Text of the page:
Indian autopsy and epidemic disease in early colonial Mexico

Martha Few

Research output: Chapter in Book/Report/Conference proceedingChapter

5 Scopus citations


Epidemic diseases introduced during the Spanish Conquest and colonization of Mexico and the Americas have long been acknowledged as key features that helped shape European expansion into the Americas (see Chávez Balderas, Chapter 9, this volume).1 One of the most devastating and enigmatic of these diseases was cocoliztli. Beginning in 1575, a cocoliztli epidemic swept through Mexico City and the surrounding region, leaving many dead in its wake. Cocoliztli is associated with a wide array of symptoms, including hemorrhagic bleeding, gangrene, jaundice, delirium, convulsions, and dysentery. According to various eyewitness accounts, the indigenous population was particularly hard-hit, dying in alarming numbers. In response to the death toll, the viceroy of New Spain ordered Francisco Hernández, a Spanish physician in Mexico on a Crown-sponsored visit, and Alonso López de Hinojosos, a barber-surgeon at the Royal Indian Hospital in Mexico City, to conduct a series of Indian autopsies and report on the results in the hopes of finding a cure.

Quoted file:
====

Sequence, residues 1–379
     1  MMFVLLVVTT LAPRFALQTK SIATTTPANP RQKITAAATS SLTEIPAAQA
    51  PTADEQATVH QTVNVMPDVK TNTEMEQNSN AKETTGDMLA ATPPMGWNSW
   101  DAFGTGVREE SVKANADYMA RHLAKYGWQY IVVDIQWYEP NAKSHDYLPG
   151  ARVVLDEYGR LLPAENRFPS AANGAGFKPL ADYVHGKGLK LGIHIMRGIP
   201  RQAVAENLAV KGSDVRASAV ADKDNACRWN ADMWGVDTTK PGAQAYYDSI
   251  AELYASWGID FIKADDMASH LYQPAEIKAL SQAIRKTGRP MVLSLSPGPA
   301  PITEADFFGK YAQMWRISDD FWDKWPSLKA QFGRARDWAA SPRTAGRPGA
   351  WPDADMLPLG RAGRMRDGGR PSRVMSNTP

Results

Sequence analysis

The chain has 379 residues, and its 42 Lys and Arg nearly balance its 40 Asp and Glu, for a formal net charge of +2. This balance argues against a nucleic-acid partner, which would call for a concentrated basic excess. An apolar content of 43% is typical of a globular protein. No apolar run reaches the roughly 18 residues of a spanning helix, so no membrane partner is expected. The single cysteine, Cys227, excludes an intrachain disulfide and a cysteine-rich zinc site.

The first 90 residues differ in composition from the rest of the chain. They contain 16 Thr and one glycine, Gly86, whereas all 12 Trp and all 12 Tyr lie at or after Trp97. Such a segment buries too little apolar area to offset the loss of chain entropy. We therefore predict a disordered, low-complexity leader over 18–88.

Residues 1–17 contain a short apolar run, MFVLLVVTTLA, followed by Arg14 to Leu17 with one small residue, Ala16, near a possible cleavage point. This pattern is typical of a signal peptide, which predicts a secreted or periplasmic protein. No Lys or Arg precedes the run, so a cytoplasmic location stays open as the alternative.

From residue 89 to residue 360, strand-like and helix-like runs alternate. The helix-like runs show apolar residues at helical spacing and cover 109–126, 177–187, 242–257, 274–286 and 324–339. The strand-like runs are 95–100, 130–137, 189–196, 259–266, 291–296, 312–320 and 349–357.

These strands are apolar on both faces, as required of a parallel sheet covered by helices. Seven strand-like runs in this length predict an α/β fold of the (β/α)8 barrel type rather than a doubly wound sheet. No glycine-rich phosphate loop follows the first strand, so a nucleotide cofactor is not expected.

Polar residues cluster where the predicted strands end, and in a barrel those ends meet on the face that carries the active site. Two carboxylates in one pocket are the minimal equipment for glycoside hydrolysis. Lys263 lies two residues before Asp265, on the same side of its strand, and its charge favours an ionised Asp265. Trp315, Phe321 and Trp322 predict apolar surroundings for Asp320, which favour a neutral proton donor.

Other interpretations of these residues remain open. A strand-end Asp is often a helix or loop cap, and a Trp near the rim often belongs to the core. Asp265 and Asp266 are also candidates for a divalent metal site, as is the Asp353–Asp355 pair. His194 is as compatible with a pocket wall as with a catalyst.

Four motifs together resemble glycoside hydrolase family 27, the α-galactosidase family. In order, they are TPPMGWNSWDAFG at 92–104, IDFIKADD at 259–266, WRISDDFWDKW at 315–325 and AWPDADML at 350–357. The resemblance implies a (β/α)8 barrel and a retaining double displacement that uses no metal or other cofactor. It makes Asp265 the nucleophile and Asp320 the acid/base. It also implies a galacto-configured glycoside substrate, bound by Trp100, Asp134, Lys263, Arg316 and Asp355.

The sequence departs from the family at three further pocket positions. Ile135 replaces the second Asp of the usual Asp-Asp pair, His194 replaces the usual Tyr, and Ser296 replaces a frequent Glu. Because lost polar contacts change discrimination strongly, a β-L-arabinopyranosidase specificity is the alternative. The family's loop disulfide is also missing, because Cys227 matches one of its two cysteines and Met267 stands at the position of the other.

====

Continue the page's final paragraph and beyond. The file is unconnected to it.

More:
Original languageEnglish (US)
Title of host publicationInvasion and Transformation
Subtitle of host publicationInterdisciplinary Perspectives on the Conquest of Mexico
PublisherUniversity Press of Colorado
Number of pages14
ISBN (Print)9780870818868
StatePublished - 2008

ASJC Scopus subject areas

  • General Arts and Humanities


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